In our drive to succeed, it can be appealing to chase the next big job title. Here’s why that can sometimes backfire.
Today we want to offer some career advice related to titles. On the front lines of our recruiting practice in Supply Chain Management, we spend every day assessing the career progression of job candidates for all levels of roles. A lot of this involves reading titles. Does this Procurement Specialist have enough experience to credibly move into a manager role? Was this Supply Chain Manager managing people, or just the functional area?
Titles are tricky things. They stretch back all the way into feudal times, but now exist as the biggest external marker of responsibility and compensation in the business world. They give a recruiter or hiring manager a sense of your domain. But they’re inconsistent. A Director at a small company may have just as much responsibility as a Manager at a large company. A “Specialist” at one company might have 2-3 years of generalized experience, whereas at another company they might be a true Specialist, with a deep subject matter expertise, earning upwards of $100k.
Long story short, you have to dig deeper than the title to know what you’re getting.
Every company has their own ideas about titles and equity, but too often, we treat them as universal, and that leads to some tough situations. One tough situation has come up a few times recently, such that we thought it was worth blogging about. It’s something that you don’t see often, but illustrates the fickleness of titles in today’s personal brand-obsessed working culture: a candidate who makes “the jump” to a senior title, but bigger than the usual jump. A “Specialist” getting a “Director”-level job at a new organization, or a “Manager” moving straight to VP.
The initial impulse is to congratulate that person. Moving from a sole contributor to a senior strategic role is a big accomplishment. On the surface, it shows that you’re a high performer with incredible potential, enough that a company is willing to elevate you rapidly. But sometimes, that new title isn’t actually commensurate with a “Director” or “VP” level of responsibility.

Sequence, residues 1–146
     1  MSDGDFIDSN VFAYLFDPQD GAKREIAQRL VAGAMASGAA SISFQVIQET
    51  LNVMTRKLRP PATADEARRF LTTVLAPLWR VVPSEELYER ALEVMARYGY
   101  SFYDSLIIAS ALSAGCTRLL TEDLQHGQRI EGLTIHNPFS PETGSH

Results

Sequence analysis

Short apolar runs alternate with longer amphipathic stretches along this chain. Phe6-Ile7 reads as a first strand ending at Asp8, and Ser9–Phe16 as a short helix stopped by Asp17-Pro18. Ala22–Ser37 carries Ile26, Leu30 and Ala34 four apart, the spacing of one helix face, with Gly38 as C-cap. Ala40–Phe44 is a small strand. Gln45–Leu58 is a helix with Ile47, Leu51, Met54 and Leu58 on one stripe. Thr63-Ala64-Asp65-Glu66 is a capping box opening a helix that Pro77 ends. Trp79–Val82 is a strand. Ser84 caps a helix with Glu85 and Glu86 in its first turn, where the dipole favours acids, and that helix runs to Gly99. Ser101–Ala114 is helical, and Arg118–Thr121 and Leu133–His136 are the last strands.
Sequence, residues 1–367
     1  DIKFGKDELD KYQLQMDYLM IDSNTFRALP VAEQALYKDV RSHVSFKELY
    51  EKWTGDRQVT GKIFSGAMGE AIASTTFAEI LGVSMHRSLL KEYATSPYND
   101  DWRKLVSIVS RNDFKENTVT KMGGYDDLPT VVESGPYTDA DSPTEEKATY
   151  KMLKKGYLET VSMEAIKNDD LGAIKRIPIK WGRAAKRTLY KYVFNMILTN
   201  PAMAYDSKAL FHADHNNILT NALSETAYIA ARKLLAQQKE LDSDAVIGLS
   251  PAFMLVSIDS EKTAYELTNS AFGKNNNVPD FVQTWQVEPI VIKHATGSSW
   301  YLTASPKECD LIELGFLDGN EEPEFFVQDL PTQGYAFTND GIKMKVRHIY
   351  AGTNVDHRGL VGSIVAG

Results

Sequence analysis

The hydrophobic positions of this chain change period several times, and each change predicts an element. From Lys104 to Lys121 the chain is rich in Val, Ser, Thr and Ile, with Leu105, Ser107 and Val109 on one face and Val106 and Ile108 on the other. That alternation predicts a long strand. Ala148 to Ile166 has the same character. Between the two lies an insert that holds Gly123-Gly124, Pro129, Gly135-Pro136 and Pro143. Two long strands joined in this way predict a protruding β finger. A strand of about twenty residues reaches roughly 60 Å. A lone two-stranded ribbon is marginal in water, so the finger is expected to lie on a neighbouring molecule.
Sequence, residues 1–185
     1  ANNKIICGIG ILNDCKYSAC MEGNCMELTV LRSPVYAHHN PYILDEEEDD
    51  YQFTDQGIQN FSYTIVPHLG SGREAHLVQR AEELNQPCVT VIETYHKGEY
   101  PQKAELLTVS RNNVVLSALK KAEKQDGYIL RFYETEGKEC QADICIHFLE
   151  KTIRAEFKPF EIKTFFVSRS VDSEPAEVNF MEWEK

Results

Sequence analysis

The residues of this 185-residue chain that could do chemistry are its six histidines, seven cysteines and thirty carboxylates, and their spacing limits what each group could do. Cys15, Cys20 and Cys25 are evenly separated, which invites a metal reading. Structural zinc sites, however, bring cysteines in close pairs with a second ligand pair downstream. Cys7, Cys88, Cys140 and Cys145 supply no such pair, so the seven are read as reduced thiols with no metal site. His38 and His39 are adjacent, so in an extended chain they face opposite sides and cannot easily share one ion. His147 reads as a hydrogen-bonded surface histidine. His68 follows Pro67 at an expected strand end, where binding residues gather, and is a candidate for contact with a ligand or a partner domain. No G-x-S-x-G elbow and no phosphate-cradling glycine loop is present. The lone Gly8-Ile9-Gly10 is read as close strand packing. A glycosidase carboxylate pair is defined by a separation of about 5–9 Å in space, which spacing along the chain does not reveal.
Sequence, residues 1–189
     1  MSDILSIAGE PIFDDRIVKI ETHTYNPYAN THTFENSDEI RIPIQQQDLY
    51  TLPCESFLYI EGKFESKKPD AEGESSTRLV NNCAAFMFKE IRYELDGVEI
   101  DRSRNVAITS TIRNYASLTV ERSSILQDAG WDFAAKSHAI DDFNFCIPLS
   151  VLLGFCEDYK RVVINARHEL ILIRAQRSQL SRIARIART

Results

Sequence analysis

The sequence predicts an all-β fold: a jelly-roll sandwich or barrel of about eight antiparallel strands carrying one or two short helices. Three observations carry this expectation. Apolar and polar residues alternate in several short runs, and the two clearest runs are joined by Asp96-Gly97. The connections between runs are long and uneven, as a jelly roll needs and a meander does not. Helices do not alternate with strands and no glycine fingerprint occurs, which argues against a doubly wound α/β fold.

Call it the “Ghost title.” A big title jump like that can look great in the short term, but actually risk your future career development. The risk is that, if your new “Director” job doesn’t work out, you’ll have to return to a Specialist or Analyst-title for your next role, and that’s where you run into a big issue: the dreaded perception that you’re actually regressing rather than progressing in your career. That you took a demotion.
Here’s the thing: if you indeed want to move up, you need to convey career progression in your resume or LinkedIn profile. Not every resume needs to progress smoothly from “Coordinator” to “Analyst” to “Specialist” to “Manager” to “Director” and so on. But there needs to be a sense of forward momentum. It doesn’t need to be lightning-fast, but you never want to be going backwards. And you never want to put yourself in a position where you might force yourself to go backwards, because you took a major title bump without the actual responsibility / salary to back it up.
So hence this little bit of counterintuitive advice: If you’re interviewing and a company offers you a major title bump, consider whether it makes long-term sense. It might make you feel like a star, but be careful what you wish for. Companies sometimes use inflated titles in lieu of better compensation, or actual progression. If a better title is the only advantage a job is offering over another role – be it your current role, or another one you’re pursuing – consider how much the title is actually adding to your career.
Once in a while, it actually makes sense to take the leap, if you’re offered. Say you go from a strategic Specialist role at a massive company to a Director role at a small, fast-growing company. In that case, you might actually have the duties of a Director – setting broad strategy for a function – without the scale of a large company. As the company grows, your role will grow as well. Later on, the jump will have made sense. You will have shown your ability to grow into a role.
But no matter what structure or equity consideration is underlying your title, it makes sense to explain as much as possible. For example, if you’re already in an organization that’s exceedingly title rich, and looking to interview with a new company, explain your title discretely on your resume. For example, describe yourself as “a manager working at the sole contributor level.” Do whatever you can to communicate your actual level within the organization.
And like so many things, if an organization is offering to boost your title beyond what you ever thought possible, if it looks too good to be true, it probably is.
That’s our take! Do you agree? Disagree?
Whether you think it’s better to grab the next big title or avoid that jump until it makes the most sense, one thing is exceedingly clear: when it comes to organizing your career (and hiring) with titles, there’s more than meets the eye.